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dc.contributor.authorVilanova, Laura
dc.contributor.authorViñas Almenar, Inmaculada
dc.contributor.authorTorres Sanchis, Rosario
dc.contributor.authorUsall i Rodié, Josep
dc.contributor.authorBurón Moles, Gemma
dc.contributor.authorTeixidó i Espasa, Neus
dc.date.accessioned2015-06-02T14:19:30Z
dc.date.issued2014
dc.identifier.issn0168-1605
dc.identifier.urihttp://hdl.handle.net/10459.1/48292
dc.description.abstractNew information about virulence mechanisms of Penicillium digitatum and Penicillium expansum could be an important avenue to control fungal diseases. In this study, the ability of P. digitatum and P. expansum to enhance their virulence by locally modulating the pH of oranges and appleswas evaluated. For each host, pH changeswith a compatible pathogen and a non-host pathogen were recorded, and the levels of different organic acids were evaluated to establish possible relationships with host pH modifications. Moreover, fruits were harvested at three maturity stages to determine whether fruit maturity could affect the pathogens' virulence. The pH of oranges and apples decreasedwhen the compatible pathogens (P. digitatumand P. expansum, respectively) decayed the fruit. The main organic acid detected in P. digitatum-decayed oranges was galacturonic acid produced as a consequence of host maceration in the rot development process. However, the obtained results showed that this acid was not responsible for the pH decrease in decayed orange tissue. The mixture of malic and citric acids could at least contribute to the acidification of P. digitatum-decayed oranges. The pH decrease in P. expansum decayed apples is related to the accumulation of gluconic and fumaric acids. The pH of oranges and apples was not affected when the non-host pathogen was not able to macerate the tissues. However, different organic acid contents were detected in comparison to healthy tissues. The main organic acids detected in P. expansum<br>oranges were oxalic and gluconic and in P. digitatum<br>apples were citric, gluconic and galacturonic. Further research is needed to identify the pathogenicity factors of both fungi because the contribution of organic acids has profound implications.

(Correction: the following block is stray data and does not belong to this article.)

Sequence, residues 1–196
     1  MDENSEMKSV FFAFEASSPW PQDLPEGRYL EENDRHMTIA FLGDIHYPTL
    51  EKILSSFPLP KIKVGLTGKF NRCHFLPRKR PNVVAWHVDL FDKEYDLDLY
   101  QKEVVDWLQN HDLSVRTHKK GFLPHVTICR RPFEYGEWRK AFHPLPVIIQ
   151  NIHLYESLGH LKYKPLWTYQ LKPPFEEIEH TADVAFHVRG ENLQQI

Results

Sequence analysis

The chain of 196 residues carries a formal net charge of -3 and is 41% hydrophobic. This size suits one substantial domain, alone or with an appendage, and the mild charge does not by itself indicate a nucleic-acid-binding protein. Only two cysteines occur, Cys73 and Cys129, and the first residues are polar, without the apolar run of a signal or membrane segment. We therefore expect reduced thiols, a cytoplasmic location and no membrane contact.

dc.format.mimetypeapplication/pdf
dc.language.isoeng
dc.publisherElsevier
dc.relation.isformatofReproducció del document publicat a: https://doi.org/10.1016/j.ijfoodmicro.2014.02.022
dc.relation.ispartofInternational Journal of Food Microbiology, 2014, núm. 178, p. 39-49
dc.rights(c) Elsevier, 2014
dc.subjectGreen mold
dc.subjectBlue mold
dc.subjectMaturity stage
dc.subjectpH
dc.subjectHost acidification
dc.subject.classificationTaronges
dc.subject.classificationPomes
dc.subject.classificationFisiologia postcollita
dc.subject.classificationPenicil·lina
dc.subject.classificationÀcids orgànics
dc.subject.otherOranges
dc.subject.otherApples
dc.subject.otherPostharvest physiology
dc.subject.otherPenicillin
dc.subject.otherOrganic acids
dc.titleAcidification of apple and orange hosts by Penicillium digitatum and Penicillium expansum.
dc.typeinfo:eu-repo/semantics/article
dc.date.updated2015-06-02T14:19:30Z
dc.identifier.idgrec022619
dc.type.versioninfo:eu-repo/semantics/publishedVersion
dc.rights.accessRightsinfo:eu-repo/semantics/restrictedAccess
dc.identifier.doihttps://doi.org/10.1016/j.ijfoodmicro.2014.02.022
dc.date.embargoEndDate10000-01-01


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